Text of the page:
Getting charged with a crime and having a criminal record can change your life and future in many ways, including impacting your ability to be awarded custody of your children. While a criminal past can have a negative effect on your custody battle, a child custody lawyer can help you fight for your right to have time with your kids.
Here is what you need to know about criminal charges and child custody in Minnesota.
How Child Custody Works in Minnesota
Child custody matters are often addressed during divorces but may also involve a separate case. Regardless, child custody decisions are critical, as they affect a child’s future and well-being.
There are two forms of custody: physical custody and legal custody. Physical custody concerns where the children stay, while legal custody involves a parent’s ability to make important life decisions for their children, including those involving education, religious, and healthcare matters.
Depending on the situation, parents can share physical and legal custody when the court grants joint custody. However, under certain circumstances, sole custody is better for children, involving one parent having both physical and legal custody.
Determining Child Custody in Minnesota
Courts don’t take child custody determinations lightly. It can be challenging to make these decisions, especially when the family’s situation is complex.
To help judges make crucial child-related matters, Minnesota operates under the best interests of the child standard. Under this standard, there are select factors that judges must consider when making custody decisions. Under Minnesota law, there are 12 factors judges use to make child custody decisions. Some of these factors include:
- The child’s physical, emotional, and other needs
- Any special mental, medical, or educational needs the child may have
- Each parent’s history of providing care for the child
- The willingness and ability of each parent to provide continued care for the child
- The benefit to the child in maximizing parenting time with both parents
Among these factors, judges must also consider whether either parent has a criminal record. If so, the judge will investigate the parent’s charges, including the nature of the charges and the punishment imposed, if there was a conviction.
Considering all of this information, the judge will make their custody decision. When making their decisions, judges aim to focus on doing what they believe would be best for the child, considering the circumstances.
Can You Still Get Custody With a Criminal Record?
Judges heavily consider whether you have a criminal past. However, more importantly, judges evaluate the nature of your charge and how your crime could affect your ability to be a parent and raise your children.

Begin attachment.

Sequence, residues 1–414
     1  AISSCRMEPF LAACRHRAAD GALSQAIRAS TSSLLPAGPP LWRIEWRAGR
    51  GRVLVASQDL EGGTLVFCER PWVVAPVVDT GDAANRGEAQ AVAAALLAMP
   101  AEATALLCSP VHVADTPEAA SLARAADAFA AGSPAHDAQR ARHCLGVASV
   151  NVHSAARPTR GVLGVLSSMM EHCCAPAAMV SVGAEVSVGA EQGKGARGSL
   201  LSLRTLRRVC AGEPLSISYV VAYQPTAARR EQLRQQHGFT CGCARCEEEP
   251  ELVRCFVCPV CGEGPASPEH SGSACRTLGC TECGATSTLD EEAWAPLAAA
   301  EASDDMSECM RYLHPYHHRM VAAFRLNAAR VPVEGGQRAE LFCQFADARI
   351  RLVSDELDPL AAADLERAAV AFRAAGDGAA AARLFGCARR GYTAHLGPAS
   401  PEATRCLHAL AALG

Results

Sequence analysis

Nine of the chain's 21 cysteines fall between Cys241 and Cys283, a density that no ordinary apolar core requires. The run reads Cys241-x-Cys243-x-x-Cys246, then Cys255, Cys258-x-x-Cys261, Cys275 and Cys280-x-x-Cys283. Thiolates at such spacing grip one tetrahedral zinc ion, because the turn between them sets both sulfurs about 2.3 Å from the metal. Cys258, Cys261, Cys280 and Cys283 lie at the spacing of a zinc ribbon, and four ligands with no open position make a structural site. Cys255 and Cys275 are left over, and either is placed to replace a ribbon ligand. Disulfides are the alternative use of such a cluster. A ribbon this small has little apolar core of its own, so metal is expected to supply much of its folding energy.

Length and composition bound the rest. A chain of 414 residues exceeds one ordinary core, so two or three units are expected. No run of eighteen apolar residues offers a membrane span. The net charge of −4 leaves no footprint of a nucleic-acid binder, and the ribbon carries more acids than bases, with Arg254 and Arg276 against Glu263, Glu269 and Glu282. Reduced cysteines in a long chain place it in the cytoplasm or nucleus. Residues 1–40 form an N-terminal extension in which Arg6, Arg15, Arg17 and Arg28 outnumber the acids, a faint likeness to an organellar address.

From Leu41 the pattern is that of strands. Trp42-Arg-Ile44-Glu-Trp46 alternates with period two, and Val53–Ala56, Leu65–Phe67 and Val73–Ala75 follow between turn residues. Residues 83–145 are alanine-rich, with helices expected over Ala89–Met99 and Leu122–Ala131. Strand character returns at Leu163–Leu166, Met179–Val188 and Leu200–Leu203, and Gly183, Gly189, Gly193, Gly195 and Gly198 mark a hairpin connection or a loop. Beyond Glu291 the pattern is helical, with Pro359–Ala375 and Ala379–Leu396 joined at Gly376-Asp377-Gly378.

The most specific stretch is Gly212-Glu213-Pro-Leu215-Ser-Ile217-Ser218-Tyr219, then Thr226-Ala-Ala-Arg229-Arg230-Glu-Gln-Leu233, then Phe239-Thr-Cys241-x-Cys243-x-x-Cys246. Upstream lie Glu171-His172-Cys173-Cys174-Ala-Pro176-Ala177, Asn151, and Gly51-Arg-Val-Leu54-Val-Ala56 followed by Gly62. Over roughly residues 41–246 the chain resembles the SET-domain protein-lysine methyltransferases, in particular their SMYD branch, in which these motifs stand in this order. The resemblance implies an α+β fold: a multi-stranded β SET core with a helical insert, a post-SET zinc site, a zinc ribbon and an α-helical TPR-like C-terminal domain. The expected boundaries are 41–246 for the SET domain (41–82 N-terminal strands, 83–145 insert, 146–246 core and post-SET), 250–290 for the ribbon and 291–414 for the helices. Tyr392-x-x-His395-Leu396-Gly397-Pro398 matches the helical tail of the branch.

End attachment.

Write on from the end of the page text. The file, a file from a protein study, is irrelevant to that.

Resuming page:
For example, serious offenses, like felonies, and those involving bodily harm, like domestic violence and child abuse, are more likely to negatively impact your child custody case. Even if your charges don’t directly involve your kids or were committed before they were born, they could still harm your ability to get custody.
How Certain Charges Affect Custody
When your charges involve abuse or physical violence, the judge may decide to take away your parental rights. This is based on the assumption that, as a person with a violent past, it is not in your children’s best interests to spend time with a potentially abusive parent.
However, if your criminal past involves an isolated incident or a less serious crime like a misdemeanor, this may not greatly impact your chances of getting custody of your kids. Every situation is different.
If you’ve been charged with a crime and not yet convicted, it may not have a heavy bearing on your custody case, depending on the charge. Still, if you are later convicted, it could affect your custody and parental rights in the future.
One thing is for certain — you should never try to hide your criminal past. Not only is it wrong to try to cover up your past, but it could land you in trouble once discovered.
Fighting for Custody With a Skilled Child Custody Lawyer
If you have a criminal past, it’s best to let a knowledgeable child custody lawyer handle your case. An attorney can build your case and show the court why it would be in your child’s best interests to have you as a permanent fixture in their life.
The legal team at Johnson/Turner Legal has extensive experience handling cases for parents with criminal pasts throughout Minnesota. We can provide the clarity and structure you need for your child custody agreement. Contact our firm today to book a Quick Guidance Call with a child custody lawyer.